Republican presidential candidate Donald Trump is toning down his compliments for Russia and Vladimir Putin as such rhetoric got him in trouble recently. After calling on Russia to find 30.000 missing emails from rival Hillary Clinton, Trump told reporters he doesn't know Putin and never called him a great leader, just one who's better than President Barack Obama. Putin has welcomed Trump's overtures, but, as Zlatica Hoke reports, ordinary Russians say they are not putting much faith in Trump.
    Video

    Video Uganda Unveils its First Solar-powered Bus

    A solar-powered bus described by its Ugandan makers as the first in Africa has made its public debut. Kiira Motors' electric bus, Kayoola, displayed recently at a stadium in Uganda's capital. From Kampala, Maurice Magorane filed this report narrated by Salem Solomon.
    Video

    Video Silicon Valley: More Than A Place, It's a Culture

    Silicon Valley is a technology powerhouse and a place that companies such as Google, Facebook and Apple call home. It is a region in northern California that stretches from San Francisco to San Jose. But, more than that, it's known for its startup culture. VOA's Elizabeth Lee went inside one company to find out what it's like to work in a startup.
    Video

    Video Immigrant Delegate Marvels at Democratic Process

    It’s been a bitter and divisive election season – but first time Indian-American delegate Dr. Shashi Gupta headed to the Democratic National Convention with a sense of hope. VOA’s Katherine Gypson followed this immigrant with the love of U.S. politics all the way to Philadelphia.
    Video

    Video Dutch Entrepreneurs Turn Rainwater Into Beer

    June has been recorded as one of the wettest months in more than a century in many parts of Europe. To a group of entrepreneurs in Amsterdam the rain came as a blessing, as they used the extra water to brew beer. Serginho Roosblad has more to the story.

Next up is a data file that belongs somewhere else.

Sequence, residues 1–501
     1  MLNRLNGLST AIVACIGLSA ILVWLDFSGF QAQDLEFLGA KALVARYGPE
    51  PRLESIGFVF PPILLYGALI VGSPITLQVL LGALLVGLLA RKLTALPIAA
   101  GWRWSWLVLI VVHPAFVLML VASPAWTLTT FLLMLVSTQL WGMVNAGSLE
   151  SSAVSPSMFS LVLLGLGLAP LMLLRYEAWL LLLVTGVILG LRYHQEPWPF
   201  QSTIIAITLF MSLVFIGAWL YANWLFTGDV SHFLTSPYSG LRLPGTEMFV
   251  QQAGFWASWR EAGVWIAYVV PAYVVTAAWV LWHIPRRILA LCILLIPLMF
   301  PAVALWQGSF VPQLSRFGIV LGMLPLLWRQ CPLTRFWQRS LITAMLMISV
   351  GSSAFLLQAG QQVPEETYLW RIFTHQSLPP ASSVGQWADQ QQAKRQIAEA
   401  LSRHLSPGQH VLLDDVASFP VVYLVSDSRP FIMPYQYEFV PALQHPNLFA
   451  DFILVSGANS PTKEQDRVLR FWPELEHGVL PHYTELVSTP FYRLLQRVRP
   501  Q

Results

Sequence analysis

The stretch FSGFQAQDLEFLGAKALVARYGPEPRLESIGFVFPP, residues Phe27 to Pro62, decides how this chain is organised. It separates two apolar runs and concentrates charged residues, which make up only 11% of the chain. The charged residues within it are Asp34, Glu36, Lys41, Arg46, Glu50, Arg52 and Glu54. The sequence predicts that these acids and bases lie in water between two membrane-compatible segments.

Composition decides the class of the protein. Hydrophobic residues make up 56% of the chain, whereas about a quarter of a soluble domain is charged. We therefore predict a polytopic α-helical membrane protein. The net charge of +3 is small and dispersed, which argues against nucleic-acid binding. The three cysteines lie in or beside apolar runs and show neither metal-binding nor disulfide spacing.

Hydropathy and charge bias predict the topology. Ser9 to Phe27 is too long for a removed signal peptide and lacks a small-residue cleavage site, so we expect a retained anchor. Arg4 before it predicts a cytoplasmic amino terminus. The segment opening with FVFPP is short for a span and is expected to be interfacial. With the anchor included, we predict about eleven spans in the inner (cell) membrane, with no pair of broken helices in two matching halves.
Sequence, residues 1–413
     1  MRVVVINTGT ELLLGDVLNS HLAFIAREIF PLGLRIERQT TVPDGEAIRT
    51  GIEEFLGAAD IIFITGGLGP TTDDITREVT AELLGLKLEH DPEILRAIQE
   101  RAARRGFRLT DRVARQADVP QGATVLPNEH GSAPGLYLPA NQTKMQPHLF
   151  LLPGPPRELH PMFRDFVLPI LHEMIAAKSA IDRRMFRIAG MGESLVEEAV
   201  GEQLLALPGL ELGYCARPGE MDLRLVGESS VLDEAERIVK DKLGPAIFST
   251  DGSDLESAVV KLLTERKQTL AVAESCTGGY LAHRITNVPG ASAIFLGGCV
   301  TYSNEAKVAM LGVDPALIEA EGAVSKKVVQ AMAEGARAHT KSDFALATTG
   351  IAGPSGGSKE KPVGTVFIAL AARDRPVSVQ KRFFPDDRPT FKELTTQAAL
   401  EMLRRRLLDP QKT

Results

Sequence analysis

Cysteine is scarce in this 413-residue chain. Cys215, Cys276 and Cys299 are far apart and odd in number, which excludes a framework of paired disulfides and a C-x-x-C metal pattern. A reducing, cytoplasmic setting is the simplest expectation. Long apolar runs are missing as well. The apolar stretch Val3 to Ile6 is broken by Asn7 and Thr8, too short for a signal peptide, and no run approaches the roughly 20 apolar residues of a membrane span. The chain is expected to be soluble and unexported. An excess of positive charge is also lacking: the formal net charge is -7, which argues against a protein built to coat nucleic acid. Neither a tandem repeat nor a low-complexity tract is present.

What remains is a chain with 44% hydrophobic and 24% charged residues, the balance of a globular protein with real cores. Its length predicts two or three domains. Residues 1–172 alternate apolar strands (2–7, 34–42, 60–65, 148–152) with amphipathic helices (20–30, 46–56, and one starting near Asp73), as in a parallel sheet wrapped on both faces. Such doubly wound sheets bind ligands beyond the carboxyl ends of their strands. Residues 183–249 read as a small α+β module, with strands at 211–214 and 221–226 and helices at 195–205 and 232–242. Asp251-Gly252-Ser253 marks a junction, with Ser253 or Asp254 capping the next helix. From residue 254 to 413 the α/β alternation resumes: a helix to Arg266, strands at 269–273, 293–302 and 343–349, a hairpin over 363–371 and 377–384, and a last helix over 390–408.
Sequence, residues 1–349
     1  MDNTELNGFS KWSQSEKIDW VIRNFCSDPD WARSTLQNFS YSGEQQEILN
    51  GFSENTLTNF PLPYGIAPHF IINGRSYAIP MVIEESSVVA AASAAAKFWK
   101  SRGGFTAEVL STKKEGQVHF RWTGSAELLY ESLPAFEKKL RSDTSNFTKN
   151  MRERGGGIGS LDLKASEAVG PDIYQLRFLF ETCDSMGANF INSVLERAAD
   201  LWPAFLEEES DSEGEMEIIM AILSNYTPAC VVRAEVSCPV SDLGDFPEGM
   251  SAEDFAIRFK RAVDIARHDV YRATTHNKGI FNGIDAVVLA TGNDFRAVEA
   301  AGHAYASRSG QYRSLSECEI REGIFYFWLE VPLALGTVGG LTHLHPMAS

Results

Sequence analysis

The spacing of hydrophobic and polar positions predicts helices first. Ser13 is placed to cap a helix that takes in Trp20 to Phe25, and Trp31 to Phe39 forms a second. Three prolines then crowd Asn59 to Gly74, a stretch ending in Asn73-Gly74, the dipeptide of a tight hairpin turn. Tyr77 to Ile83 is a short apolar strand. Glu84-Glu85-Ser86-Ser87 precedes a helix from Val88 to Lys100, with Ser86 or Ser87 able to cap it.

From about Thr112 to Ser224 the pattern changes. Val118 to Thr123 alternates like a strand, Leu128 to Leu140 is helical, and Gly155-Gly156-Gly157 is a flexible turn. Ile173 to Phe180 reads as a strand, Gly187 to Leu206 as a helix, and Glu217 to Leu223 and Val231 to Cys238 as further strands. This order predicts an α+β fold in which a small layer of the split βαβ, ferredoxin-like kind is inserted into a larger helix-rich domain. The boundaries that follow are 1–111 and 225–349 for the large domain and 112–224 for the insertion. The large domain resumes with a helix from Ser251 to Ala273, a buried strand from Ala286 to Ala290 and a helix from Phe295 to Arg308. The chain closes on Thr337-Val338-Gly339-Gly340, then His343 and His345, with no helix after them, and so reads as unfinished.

Video

    Video Commerce Thrives on US-Mexico Border

    At the Democratic Convention in Philadelphia this week, the party’s presumptive presidential nominee, Hillary Clinton, is expected to attack proposals made by her opponent, Republican presidential nominee Donald Trump, to build a wall along the U.S.-Mexico border. Last Friday, President Barack Obama hosted his Mexican counterpart, President Enrique Peña Nieto, to underscore the good relations between the two countries. VOA’s Greg Flakus reports from Tucson.
    Video

    Video Film Helps Save Ethiopian Children Thought to be Cursed

    'Omo Child' looks at effort of African man to stop killings of ‘mingi’ children
    Video

    Video London’s Financial Crown at Risk as Rivals Eye Brexit Opportunities

    By most measures, London rivals New York as the only true global financial center. But Britain’s vote to leave the European Union – so-called ‘Brexit’ – means the city could lose its right to sell services tariff-free across the bloc, risking its position as Europe’s financial headquarters. Already some banks have said they may shift operations to the mainland. Henry Ridgwell reports from London.

    Special Report

    Adrift The Invisible African Diaspora